WP 45 Answers for Questions to Come: Reflective Dialogue as an Enabler of Strategic Innovation

"Strategy researchers seem to have struggled to develop a theory of strategy creation. We believe this difficulty might be eased somewhat if the field had a notion of intentionality that allowed us to acknowledge emergent change. We here present serious play as a descriptive framework for activities through which the conditions of the possibility of emergence may be intentionally created. In this sense, the purpose of this chapter is to consider strategy creation as a kind of serious play."

This article can be obtained from : http://www.blackwellpublishing.com

 
WP 44 I Matter: Remaining the First Person in Strategy Research

In this chapter Johan Roos argues that because our field is about humans, and humans interacting, strategy researchers should remain in the first person, rather than escaping into the convention of "third person anonymity". Two anecdotes illustrate Johan's own struggle to remain outside his work. To support his wish to remain the narrator, he draws on the Aristotelian ideal of phronesis. For the practice of strategy research, phronesis: (i) enhances our self-awareness as scholars: (ii) helps us understand more about what is going on:(iii) forces us to take a moral stance: (iv) calls for additional experiments with methodologies: and (v) changes the discourse in our field. Roos also suggests that phronesis may be significant to how managers approach the practice of strategy.

This book chapter can be obtained from : http://www.blackwellpublishing.com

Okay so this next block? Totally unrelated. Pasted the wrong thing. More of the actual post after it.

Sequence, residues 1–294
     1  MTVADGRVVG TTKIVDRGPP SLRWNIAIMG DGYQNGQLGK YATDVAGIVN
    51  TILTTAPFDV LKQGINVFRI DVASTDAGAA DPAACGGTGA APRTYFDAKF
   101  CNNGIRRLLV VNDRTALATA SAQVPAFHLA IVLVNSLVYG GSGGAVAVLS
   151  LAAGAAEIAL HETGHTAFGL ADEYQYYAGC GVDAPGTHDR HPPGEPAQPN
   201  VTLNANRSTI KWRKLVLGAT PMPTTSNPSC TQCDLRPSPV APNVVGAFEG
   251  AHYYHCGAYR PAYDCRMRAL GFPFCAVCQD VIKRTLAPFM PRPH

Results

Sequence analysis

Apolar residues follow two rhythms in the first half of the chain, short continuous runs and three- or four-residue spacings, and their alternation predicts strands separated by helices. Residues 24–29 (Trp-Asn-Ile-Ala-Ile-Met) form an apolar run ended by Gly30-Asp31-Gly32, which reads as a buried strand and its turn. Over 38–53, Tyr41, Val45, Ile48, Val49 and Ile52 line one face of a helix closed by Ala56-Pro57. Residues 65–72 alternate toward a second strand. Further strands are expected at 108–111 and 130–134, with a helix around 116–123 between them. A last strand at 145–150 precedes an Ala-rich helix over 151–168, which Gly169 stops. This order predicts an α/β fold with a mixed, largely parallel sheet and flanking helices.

WP 43 Strategy Creation as Serious Play
WP 43

Strategy researchers have struggled to develop a theory of strategy creation. We believe this difficulty might be eased somewhat if the field had a notion of intentionality that allowed us to acknowledge emergent change. We present serious play as a descriptive framework for activities through which the conditions of the possibility of emergence may be intentionally created. ln this sense, the purpose of this paper is to consider strategy creation as a kind of serious play.

 
WP 42 Playing Seriously with Strategy

This article details two cycles of interventions and reflection in various executive development contexts led by the authors as facilitator/consultants. Their hunch that changing the constraints of strategy processes would also change the content generated was tested by changing the typical mode of work to that of 'serious play' and modifying the usual medium from verbal, computer and two-dimensional text and graphic by the introduction of 3-D media (LEGO bricks). The authors examine the potential for using serious play in the particular organizational challenge of making strategy, and highlight the capacity of 'action research' to contribute simultaneously to both academic understanding and practical value.

This article can be obtained from : www.Lrpjournal.com

 
WP 41
The Role of Listening in Organizational Learning
WP 41
To listen means to learn. Ever since the Socratic dialogues, the search for answers to challenging questions has been related to the concept of listening and its generative potential. In terms of dealing with challenging questions, organizational learning might be considered a search for new answers to challenges within and around an organization that - if successful - leads to a change in an organization> '> s response repertoire (Sitkin, Sutcliffe, & Weick, 1998). Social learning is mediated through conversations (e.g. Crossan, Lane, & White, 1999; Ford & Ford, 1995). While these approaches acknowledge the relevance of verbal interaction, they seem to privilege speech over listening. In contrast, the phenomenological philosophy of Levin (1989) and Waldenfels (1994) reminds us of the inherently relational nature of listening. Listening manifests a relational quality that precedes the speech act of answering. More than a functional silence between two speech acts, listening can be thought of as a form of initial answering (Waldenfels, 1994).
 
2003
 
WP 40 Constructing Organizational Identity
WP 40